On the other hand, the Fourth Circuit’s most recent discussion of “official actions” came in United States v. Jefferson, 674 F.3d 332 (4th Cir. 2012). This was the celebrated case of the Congressman with $90,000 of marked cash in his freezer. A company called iGate had supposedly paid $400,000 in bribes to a company maintained in the name of Jefferson’s wife and children; in return, Jefferson would help iGate’s business by persuading the U.S. Army to test iGate’s broadband two-way technology and other iGate products, and by trying to influence the U.S. Export-Import Bank and high-ranking officials in Nigeria, Ghana, and Cameroon to provide financing for iGate business deals in those countries. iGate went to the FBI, and on July 30, 2005, Jefferson was videotaped by the FBI receiving $100,000 worth of $100 bills in a briefcase at the Ritz-Carlton hotel in Arlington, Virginia. The money was supposedly to give to the Nigerian Vice President, to make sure that Nigeria would award contracts to iGate. A few days later, FBI agents raided Jefferson’s home and found $90,000 of the marked cash in Jefferson’s freezer.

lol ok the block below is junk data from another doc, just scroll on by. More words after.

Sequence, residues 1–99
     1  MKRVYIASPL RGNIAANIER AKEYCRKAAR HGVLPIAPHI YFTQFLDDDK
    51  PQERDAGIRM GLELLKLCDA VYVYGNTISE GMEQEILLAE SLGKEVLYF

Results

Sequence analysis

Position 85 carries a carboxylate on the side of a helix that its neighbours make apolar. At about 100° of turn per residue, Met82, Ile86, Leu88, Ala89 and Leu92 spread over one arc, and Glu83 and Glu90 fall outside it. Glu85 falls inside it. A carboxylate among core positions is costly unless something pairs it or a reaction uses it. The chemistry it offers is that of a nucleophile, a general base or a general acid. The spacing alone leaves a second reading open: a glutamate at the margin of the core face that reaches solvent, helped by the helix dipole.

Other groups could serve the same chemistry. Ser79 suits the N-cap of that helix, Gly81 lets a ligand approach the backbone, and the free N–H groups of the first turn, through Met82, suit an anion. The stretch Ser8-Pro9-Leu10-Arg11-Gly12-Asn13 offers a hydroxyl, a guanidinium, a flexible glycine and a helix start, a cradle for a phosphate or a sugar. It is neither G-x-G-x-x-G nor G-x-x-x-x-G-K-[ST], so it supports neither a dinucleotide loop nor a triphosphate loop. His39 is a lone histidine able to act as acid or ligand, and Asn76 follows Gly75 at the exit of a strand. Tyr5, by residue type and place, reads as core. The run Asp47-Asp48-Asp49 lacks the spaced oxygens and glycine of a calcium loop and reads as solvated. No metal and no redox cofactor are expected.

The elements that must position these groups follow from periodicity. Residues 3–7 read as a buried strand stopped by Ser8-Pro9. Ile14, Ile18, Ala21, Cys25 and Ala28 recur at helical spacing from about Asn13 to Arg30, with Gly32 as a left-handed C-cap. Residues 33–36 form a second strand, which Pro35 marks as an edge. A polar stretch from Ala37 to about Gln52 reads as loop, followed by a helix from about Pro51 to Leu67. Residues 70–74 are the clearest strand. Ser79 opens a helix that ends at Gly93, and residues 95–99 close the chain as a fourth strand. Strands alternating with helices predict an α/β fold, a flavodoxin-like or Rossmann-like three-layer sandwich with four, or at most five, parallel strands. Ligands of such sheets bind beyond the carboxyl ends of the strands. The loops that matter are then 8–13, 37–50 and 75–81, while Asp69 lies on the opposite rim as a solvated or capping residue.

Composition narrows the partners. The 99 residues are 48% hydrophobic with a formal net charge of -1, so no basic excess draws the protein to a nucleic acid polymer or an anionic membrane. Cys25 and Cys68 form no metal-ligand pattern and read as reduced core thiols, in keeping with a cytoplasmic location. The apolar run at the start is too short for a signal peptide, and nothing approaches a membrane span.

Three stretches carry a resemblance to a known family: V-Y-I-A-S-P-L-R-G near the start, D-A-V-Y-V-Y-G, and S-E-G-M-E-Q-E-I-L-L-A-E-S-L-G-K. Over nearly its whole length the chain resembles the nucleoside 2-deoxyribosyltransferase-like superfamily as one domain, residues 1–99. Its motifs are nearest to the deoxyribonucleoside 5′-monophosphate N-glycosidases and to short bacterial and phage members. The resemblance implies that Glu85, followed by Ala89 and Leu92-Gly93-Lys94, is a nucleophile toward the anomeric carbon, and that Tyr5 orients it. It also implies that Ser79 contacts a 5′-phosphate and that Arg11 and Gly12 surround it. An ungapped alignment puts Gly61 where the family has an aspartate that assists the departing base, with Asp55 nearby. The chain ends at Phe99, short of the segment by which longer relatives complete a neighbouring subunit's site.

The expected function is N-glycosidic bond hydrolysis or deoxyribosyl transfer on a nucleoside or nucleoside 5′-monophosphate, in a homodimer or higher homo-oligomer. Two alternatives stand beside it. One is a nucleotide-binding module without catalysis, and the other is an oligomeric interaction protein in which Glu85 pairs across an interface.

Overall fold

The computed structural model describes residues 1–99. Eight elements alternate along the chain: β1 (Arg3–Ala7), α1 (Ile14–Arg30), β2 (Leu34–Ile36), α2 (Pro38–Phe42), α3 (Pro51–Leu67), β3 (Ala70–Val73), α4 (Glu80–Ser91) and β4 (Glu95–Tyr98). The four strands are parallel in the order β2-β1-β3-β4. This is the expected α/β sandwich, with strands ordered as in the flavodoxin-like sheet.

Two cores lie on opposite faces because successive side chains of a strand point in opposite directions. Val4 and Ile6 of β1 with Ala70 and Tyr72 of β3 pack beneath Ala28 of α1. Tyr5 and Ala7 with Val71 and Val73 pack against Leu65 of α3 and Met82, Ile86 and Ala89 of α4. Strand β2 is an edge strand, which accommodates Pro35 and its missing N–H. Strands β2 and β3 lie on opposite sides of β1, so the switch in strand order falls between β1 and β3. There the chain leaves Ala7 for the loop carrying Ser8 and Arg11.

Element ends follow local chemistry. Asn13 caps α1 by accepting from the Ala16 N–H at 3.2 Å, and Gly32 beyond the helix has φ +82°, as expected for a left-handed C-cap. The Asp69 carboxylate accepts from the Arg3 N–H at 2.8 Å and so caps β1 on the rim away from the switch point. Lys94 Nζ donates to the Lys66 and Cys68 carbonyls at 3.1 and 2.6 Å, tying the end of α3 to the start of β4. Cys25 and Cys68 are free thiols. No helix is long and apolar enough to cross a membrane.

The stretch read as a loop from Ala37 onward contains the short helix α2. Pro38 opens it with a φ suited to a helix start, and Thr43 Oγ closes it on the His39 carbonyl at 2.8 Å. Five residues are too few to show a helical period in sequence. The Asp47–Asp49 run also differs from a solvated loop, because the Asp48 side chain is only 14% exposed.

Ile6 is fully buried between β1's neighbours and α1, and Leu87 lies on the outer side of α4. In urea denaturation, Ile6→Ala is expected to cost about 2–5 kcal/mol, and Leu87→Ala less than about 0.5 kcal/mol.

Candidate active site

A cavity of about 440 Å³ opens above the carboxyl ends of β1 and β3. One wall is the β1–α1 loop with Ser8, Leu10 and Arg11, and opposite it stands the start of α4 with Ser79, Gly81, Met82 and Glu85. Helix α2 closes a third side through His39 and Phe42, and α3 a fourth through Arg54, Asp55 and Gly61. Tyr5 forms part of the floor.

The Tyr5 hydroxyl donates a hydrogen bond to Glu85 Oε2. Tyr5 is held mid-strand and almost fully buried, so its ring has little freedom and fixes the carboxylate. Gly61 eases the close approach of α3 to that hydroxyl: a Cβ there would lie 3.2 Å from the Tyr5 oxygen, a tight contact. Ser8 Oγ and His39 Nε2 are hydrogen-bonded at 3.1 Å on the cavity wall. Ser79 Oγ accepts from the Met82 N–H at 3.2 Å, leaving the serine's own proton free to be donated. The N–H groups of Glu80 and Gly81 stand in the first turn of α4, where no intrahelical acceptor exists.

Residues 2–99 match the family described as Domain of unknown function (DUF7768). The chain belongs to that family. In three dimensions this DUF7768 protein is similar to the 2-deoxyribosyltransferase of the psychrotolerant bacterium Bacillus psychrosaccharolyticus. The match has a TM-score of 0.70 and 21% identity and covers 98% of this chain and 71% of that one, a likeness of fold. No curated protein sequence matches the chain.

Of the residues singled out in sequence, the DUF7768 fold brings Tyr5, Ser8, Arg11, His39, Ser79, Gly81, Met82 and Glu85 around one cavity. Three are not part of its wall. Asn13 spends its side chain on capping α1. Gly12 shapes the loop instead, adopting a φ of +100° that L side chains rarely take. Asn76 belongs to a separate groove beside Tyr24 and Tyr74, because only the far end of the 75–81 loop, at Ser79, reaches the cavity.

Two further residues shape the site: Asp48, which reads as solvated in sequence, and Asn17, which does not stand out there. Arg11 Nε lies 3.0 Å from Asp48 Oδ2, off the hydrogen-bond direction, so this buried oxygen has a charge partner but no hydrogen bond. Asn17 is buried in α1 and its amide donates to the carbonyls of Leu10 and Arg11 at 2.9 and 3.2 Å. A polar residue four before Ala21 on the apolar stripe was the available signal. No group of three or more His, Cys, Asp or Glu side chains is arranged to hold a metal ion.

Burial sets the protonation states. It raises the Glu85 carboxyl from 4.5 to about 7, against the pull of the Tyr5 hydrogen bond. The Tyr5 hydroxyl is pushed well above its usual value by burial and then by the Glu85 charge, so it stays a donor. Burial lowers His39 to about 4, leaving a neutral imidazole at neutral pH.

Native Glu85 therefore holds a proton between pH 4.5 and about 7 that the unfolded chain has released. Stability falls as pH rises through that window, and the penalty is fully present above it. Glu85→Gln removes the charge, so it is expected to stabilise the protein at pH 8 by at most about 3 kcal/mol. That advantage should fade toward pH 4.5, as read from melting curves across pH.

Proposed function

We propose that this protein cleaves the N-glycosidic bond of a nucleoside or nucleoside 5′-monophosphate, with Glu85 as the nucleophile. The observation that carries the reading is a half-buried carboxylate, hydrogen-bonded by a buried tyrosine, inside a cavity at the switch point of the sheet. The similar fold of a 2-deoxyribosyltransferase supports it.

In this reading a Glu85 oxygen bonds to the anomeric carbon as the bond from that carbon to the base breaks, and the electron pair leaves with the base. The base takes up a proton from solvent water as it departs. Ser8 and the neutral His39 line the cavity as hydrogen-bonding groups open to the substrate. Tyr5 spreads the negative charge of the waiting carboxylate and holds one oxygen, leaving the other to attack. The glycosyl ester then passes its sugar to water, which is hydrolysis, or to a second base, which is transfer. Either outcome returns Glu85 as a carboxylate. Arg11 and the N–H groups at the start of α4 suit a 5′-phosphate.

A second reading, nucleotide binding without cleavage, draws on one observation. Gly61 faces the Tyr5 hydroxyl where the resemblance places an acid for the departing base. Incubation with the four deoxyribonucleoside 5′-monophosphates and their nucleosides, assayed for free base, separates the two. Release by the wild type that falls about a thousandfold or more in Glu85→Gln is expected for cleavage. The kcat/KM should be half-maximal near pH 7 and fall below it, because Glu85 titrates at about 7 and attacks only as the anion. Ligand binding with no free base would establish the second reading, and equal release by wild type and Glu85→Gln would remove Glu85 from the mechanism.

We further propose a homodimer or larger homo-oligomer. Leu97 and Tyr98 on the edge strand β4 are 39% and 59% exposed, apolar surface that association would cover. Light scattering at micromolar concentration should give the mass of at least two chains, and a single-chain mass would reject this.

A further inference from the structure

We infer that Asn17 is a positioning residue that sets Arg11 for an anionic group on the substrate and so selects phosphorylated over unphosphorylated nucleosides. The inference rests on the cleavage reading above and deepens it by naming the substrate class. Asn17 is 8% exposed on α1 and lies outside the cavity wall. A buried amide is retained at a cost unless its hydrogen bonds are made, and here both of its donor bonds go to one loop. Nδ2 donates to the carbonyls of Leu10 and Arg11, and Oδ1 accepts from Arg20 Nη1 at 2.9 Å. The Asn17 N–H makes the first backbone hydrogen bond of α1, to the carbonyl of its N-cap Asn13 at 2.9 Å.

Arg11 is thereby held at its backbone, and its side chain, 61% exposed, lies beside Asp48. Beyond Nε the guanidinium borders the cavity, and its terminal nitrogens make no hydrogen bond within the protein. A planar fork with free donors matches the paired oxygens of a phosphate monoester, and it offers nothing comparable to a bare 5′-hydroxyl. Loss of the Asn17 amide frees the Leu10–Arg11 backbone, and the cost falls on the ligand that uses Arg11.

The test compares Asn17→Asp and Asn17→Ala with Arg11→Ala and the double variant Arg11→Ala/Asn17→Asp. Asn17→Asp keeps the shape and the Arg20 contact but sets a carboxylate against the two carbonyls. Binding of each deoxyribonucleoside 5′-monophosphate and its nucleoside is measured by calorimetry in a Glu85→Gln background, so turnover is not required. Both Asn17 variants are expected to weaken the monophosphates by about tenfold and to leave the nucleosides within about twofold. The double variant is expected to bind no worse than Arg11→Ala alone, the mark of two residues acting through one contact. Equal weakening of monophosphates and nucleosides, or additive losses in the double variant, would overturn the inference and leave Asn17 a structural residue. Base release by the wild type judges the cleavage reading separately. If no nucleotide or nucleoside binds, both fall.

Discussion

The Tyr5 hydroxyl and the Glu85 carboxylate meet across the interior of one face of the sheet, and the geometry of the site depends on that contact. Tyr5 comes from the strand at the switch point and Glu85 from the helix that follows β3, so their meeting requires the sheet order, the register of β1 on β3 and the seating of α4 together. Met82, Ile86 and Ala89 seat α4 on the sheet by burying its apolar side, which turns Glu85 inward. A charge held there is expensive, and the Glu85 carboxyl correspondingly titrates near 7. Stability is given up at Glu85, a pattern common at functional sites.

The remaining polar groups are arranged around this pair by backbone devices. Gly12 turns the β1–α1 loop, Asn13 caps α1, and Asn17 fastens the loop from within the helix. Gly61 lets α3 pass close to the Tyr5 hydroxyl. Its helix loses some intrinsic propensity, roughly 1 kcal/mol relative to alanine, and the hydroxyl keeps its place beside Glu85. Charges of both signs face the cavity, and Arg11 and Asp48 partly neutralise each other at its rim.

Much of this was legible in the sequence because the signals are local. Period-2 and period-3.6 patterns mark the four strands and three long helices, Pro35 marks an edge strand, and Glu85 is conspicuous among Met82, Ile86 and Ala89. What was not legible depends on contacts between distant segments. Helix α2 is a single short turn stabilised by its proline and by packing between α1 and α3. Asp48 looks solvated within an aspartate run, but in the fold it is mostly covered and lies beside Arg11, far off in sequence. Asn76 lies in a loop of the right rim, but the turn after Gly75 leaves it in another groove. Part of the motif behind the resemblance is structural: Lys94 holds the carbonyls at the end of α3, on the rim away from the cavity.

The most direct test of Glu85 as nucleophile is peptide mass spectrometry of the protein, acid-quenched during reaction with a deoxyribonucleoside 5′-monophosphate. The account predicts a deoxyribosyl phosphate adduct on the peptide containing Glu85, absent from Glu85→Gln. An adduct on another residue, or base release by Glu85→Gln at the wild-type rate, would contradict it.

Jefferson had been convicted and his convictions were affirmed by the Fourth Circuit — Judge Spencer’s immediate bosses, so to speak. The Fourth Circuit approved jury instructions that said that an “act may be official even if it was not taken pursuant to responsibilities explicitly assigned by law. Rather official acts include those activities that have been clearly established by settled practice as part [of] a public official’s position.” The Fourth Circuit had said that this instruction “simply explained to the jury that an official act need not be prescribed by statute, but rather may include acts that a congressman customarily performs, even if the act falls outside the formal legislative process.”
It would be tempting just to say that the difference between Sun-Diamond and Jefferson is that in Sun-Diamond, there was no connection alleged between the tickets and any action by Espy. And that is certainly a difference, but it is not the difference that matters to this discussion. The two cases discussed the same term — “official action” — in very different ways. The Fourth Circuit, in Jefferson, went back to a 1914 Supreme Court case: